Skip to content
Who's in the Video
Michael Walzer is one of America's leading political philosophers. He is a professor emeritus at the Institute for Advanced Study in Princeton, New Jersey and editor of Dissent, a left-wing[…]

We were once headed toward a more egalitarian society, Walzer says.

Question: What are the greatest inequalities in the American political system?

Michael Walzer: Well, no, obviously, we have a society of growing inequality. If you look at the graphs just of income and wealth distribution--in the time that I was growing up America was becoming a more egalitarian society, from sometime in the 30s to the late 60s. It was slow progress, but it was progress toward a more egalitarian distribution both of income and of wealth. Since then we have become in radically unequal, and some of the disparities are a quite amazing. And those kinds of inequalities of wealth and income are convertible into inequalities in the legal system, inequalities in the political system, inequalities in the educational system. We know what wealth can buy in the United States or anywhere where it is set free, as it is standardly in a capitalist system, so we are not an equitable society, and we have not become...and we have become less rather than more equitable over the last decade.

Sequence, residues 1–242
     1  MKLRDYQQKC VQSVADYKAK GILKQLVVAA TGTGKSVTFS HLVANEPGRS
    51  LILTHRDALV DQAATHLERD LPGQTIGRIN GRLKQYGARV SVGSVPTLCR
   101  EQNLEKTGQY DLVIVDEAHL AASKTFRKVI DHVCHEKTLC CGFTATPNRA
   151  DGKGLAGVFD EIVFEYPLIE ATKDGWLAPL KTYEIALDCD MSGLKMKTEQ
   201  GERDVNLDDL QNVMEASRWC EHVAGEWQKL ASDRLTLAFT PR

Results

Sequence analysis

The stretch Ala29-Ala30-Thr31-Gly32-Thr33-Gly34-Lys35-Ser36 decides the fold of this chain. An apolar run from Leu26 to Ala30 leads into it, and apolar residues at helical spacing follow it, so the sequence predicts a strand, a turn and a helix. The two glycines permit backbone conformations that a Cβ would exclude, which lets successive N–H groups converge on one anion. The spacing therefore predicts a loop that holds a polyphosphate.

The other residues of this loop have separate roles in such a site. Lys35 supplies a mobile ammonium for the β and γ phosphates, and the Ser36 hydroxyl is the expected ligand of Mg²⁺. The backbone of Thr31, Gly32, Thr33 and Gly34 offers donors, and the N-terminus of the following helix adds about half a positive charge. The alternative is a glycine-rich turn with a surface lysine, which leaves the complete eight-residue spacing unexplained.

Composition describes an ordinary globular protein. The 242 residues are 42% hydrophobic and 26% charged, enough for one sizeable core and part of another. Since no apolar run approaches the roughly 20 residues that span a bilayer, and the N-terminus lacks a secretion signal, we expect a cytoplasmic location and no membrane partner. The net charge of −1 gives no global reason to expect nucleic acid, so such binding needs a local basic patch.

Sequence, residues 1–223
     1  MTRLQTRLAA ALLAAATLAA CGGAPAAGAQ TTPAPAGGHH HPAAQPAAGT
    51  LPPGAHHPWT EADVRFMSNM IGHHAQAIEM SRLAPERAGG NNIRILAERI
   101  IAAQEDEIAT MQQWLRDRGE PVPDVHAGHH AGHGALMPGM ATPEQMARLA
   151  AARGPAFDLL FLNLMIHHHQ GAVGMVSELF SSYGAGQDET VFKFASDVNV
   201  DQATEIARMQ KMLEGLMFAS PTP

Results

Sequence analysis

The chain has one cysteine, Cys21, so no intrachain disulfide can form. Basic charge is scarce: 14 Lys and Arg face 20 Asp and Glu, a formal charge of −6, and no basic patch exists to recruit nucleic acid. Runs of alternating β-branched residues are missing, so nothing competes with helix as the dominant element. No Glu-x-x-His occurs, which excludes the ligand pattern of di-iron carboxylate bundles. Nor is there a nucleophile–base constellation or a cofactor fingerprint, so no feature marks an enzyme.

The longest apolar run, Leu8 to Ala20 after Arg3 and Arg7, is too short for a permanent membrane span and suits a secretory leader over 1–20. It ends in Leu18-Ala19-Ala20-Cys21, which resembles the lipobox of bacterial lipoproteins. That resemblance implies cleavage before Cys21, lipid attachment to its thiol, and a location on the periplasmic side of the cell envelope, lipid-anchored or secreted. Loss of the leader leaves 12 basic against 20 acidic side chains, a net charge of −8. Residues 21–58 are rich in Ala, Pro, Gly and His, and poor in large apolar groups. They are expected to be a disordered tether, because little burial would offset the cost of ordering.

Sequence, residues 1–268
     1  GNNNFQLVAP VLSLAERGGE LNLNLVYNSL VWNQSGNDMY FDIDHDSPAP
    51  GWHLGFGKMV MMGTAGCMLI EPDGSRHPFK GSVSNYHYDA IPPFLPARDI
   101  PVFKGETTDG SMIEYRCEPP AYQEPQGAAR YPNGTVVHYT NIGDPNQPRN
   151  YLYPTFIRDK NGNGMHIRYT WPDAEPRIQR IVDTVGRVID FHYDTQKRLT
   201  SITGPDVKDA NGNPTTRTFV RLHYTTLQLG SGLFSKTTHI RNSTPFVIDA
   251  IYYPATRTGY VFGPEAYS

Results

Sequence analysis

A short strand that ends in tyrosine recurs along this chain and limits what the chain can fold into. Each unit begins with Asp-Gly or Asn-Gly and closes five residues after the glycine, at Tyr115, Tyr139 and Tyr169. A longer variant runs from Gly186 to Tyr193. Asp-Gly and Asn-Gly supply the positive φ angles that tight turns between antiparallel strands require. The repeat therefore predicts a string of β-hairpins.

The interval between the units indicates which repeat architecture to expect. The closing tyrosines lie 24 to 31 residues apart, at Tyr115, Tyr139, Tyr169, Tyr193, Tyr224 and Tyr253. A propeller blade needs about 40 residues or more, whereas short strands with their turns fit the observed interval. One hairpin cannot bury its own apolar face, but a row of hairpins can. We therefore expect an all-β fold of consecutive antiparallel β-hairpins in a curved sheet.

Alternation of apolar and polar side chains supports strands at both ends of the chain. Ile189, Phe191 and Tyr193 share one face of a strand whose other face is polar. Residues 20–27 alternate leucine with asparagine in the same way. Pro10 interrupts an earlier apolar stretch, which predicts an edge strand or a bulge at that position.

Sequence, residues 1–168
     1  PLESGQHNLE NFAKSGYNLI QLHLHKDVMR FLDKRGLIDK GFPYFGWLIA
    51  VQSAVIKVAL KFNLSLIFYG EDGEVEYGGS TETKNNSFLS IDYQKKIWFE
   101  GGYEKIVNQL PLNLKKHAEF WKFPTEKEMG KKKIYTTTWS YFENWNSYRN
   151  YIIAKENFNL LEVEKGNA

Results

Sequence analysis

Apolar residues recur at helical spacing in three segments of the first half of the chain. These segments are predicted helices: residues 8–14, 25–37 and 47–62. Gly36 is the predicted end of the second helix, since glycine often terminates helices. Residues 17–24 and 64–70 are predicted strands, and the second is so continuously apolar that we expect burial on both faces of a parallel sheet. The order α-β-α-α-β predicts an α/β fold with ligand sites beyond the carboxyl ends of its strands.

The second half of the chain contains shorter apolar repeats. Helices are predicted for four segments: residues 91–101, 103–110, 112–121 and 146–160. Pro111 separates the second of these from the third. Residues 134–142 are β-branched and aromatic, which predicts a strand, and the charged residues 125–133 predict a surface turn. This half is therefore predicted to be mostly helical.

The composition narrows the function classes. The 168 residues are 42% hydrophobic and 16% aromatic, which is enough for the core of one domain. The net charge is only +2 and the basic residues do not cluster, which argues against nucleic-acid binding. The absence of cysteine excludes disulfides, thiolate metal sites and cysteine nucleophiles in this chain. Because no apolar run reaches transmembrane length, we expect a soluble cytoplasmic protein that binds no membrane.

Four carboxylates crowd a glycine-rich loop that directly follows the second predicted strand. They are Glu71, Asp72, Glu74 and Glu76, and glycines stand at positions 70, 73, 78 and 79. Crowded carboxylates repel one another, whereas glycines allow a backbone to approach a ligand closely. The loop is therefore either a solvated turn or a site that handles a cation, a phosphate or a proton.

As with any “big idea” progress means a lot of different things to different people and not everyone comes into the discussion with the same priors. Some experts are primarily focused on material progress while others emphasize the importance of moral progress. So to start the discussion, we asked each expert to define the term as they see it from their specific vantage point.